Following his unmasking in 1997, Mauss enjoyed celebrity status in Germany. Published accounts of his exploits claim that he was directly involved in neutralizing over 100 criminal gangs and that his work led to the capture of 2,000 criminals and spies. Mauss also claims to have helped prevent dangerous chemical substances from falling into the hands of terrorist groups, and that he stopped the Italian Mafia from killing Pope Benedict. Last year, however, Mauss saw his celebrity status diminish after the German government charged him with tax evasion. German prosecutors uncovered several overseas bank accounts belonging to him, which they said contained tens of millions of dollars in hidden income. They alleged that Mauss used the funds to finance a luxurious lifestyle centered on expensive overseas holidays, luxury cars, expensive gifts to women, as well as a private jet.

On Monday, the 77-year-old Mauss made his final plea in a lengthy court case concerning two of his off-shore accounts, located in UBS bank branches in the Bahamas and Luxembourg. The prosecution alleges that he failed to pay tax on assets totaling in excess of $50 million in the decade between 2002 and 2012 alone. Additionally, it is claimed that Mauss traveled from Germany to Luxembourg several times a year, to withdraw approximately $330,000 in cash per month from his secret accounts. But the accused former spy claims that the money was given to him by “Western intelligence agencies” in return for his services against international crime and terrorism, and that he should not have to pay taxes on it. In previous court appearances, he claimed that the money was not his, but belonged to various Western intelligence agencies and he simply used it to carry out intelligence operations.

The trial continues. If Mauss is convicted, he could spend nearly seven years in prison.

Author: Ian Allen | Date: 19 September 2017 | Permalink

Germany investigates Swiss intelligence officers over espionage claims

Germany SwitzerlandGermany has launched an unprecedented investigation into three officers of Switzerland’s intelligence agency on suspicion that they spied on German tax investigators who were probing the activities of Swiss banks. News of the investigation comes three months after authorities in Germany arrested another Swiss intelligence officer, identified only as “Daniel M.”, for engaging in espionage on German soil. German media report that the three unnamed men are officers of Switzerland’s Federal Intelligence Service (NDB). They are suspected of engaging in the same type of activity as “Daniel M.”, namely monitoring German tax-fraud investigators.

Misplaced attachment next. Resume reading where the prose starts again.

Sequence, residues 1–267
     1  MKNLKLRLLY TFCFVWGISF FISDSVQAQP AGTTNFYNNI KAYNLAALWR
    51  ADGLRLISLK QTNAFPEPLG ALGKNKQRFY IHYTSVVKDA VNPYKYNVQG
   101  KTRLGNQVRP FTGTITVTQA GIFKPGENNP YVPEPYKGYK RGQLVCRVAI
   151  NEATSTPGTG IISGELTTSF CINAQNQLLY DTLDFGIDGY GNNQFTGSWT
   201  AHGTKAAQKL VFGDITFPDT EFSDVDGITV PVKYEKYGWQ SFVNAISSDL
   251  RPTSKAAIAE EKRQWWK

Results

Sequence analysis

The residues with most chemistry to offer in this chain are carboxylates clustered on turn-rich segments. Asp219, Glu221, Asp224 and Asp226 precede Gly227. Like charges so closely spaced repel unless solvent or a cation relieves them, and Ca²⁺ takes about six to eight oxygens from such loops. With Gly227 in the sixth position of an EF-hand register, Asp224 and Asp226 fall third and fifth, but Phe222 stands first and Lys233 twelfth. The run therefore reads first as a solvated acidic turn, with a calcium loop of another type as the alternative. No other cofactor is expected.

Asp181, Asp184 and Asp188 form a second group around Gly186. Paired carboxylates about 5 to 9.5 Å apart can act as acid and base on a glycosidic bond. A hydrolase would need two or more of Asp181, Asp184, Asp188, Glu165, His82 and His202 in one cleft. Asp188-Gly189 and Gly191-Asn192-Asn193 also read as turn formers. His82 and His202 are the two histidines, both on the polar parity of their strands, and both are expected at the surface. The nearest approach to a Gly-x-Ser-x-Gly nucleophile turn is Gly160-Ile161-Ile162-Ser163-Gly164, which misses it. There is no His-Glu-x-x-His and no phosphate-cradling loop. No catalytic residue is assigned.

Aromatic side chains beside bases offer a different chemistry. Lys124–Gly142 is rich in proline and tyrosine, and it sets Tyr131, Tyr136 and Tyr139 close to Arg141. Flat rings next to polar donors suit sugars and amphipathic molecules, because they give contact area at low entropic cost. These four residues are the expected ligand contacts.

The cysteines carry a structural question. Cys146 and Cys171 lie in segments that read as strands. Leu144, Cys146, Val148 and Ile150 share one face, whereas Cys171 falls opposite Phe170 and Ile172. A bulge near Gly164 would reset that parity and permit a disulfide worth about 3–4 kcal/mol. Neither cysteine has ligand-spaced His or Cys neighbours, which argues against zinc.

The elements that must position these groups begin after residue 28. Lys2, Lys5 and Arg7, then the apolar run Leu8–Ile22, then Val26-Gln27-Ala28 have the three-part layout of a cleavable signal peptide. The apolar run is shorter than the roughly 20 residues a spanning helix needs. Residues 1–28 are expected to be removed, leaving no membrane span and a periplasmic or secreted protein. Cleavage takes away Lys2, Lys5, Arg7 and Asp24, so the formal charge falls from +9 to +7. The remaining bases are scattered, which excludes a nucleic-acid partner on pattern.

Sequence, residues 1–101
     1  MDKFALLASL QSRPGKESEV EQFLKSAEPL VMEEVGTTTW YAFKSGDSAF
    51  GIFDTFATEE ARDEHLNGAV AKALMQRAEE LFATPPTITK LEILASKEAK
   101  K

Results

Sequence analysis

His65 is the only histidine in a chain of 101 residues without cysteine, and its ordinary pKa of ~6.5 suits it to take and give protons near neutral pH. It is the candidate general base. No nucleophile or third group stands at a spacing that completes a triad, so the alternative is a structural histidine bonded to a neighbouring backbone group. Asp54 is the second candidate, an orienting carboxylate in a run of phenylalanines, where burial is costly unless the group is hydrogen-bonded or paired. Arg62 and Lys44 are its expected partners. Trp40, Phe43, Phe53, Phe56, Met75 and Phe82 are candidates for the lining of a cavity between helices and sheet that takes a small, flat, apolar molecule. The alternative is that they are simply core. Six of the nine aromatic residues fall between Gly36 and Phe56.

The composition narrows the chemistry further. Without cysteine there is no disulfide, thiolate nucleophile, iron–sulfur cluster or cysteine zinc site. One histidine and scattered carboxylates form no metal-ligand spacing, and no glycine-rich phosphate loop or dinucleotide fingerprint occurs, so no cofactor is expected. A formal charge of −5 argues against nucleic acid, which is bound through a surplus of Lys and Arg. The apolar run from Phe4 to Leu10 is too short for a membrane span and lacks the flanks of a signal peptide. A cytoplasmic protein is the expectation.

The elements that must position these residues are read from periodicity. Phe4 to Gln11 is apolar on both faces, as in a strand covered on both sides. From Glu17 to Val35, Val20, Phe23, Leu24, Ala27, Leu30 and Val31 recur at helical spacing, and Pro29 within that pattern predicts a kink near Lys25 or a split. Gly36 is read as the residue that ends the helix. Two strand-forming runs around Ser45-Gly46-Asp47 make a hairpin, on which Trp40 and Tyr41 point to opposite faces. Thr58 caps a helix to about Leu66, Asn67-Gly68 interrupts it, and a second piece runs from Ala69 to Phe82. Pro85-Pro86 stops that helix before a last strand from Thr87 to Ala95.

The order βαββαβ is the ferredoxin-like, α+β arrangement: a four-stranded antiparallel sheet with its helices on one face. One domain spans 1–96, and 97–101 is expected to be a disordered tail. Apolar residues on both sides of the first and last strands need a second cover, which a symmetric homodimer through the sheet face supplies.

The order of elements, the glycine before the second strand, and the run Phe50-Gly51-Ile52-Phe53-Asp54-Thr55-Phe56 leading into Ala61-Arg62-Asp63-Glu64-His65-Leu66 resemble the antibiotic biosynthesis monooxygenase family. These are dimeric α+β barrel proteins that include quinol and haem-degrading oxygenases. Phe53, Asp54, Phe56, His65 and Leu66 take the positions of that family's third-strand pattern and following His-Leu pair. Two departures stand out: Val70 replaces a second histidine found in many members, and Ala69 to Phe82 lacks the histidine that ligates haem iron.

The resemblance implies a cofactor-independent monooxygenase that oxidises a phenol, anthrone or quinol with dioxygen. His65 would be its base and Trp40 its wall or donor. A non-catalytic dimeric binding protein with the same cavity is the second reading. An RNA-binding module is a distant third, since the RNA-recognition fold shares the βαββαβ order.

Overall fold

The German government believes that billions of euros are deposited by its citizens in banking institutions in European tax-havens like Liechtenstein, Switzerland or Monaco. For the past decade, German authorities have resorted to bribing whistleblowers in offshore banks in order to acquire internal documents that reveal the identities of German citizens who are hiding their money in foreign bank accounts. It is estimated that over a hundred million dollars have been paid to whistleblowers by German authorities since 2006. The latter argue that the proceeds collected from unpaid taxes and fines more than justify the payments made out to whistleblowers. But the Swiss government has strongly criticized Berlin for encouraging Swiss banking sector employees to steal internal corporate information that often breaks Switzerland’s stringent privacy laws. It is believed that the NDB has been instructed by the Swiss government to monitor efforts by German tax-fraud investigators to approach potential whistleblowers working in the Swiss banking sector.